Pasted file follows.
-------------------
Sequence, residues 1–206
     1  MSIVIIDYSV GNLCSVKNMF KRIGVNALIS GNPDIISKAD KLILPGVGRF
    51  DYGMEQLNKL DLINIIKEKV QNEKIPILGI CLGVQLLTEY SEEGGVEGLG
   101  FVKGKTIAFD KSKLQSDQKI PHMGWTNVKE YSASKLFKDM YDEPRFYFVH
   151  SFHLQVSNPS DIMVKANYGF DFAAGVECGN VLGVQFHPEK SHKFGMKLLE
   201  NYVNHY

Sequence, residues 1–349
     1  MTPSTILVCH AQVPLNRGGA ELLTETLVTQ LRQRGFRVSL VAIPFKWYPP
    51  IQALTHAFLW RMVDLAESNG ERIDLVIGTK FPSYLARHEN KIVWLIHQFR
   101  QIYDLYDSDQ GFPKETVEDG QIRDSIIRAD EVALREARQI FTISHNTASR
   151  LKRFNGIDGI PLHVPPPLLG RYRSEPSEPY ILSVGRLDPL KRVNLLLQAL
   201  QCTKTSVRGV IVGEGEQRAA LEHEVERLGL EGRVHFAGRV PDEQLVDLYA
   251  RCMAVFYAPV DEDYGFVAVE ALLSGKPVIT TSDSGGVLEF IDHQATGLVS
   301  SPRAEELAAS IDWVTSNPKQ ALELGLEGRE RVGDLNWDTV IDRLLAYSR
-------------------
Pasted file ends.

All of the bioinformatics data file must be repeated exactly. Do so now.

Sequence, residues 1–206
     1  MSIVIIDYSV GNLCSVKNMF KRIGVNALIS GNPDIISKAD KLILPGVGRF
    51  DYGMEQLNKL DLINIIKEKV QNEKIPILGI CLGVQLLTEY SEEGGVEGLG
   101  FVKGKTIAFD KSKLQSDQKI PHMGWTNVKE YSASKLFKDM YDEPRFYFVH
   151  SFHLQVSNPS DIMVKANYGF DFAAGVECGN VLGVQFHPEK SHKFGMKLLE
   201  NYVNHY

Sequence, residues 1–349
     1  MTPSTILVCH AQVPLNRGGA ELLTETLVTQ LRQRGFRVSL VAIPFKWYPP
    51  IQALTHAFLW RMVDLAESNG ERIDLVIGTK FPSYLARHEN KIVWLIHQFR
   101  QIYDLYDSDQ GFPKETVEDG QIRDSIIRAD EVALREARQI FTISHNTASR
   151  LKRFNGIDGI PLHVPPPLLG RYRSEPSEPY ILSVGRLDPL KRVNLLLQAL
   201  QCTKTSVRGV IVGEGEQRAA LEHEVERLGL EGRVHFAGRV PDEQLVDLYA
   251  RCMAVFYAPV DEDYGFVAVE ALLSGKPVIT TSDSGGVLEF IDHQATGLVS
   301  SPRAEELAAS IDWVTSNPKQ ALELGLEGRE RVGDLNWDTV IDRLLAYSR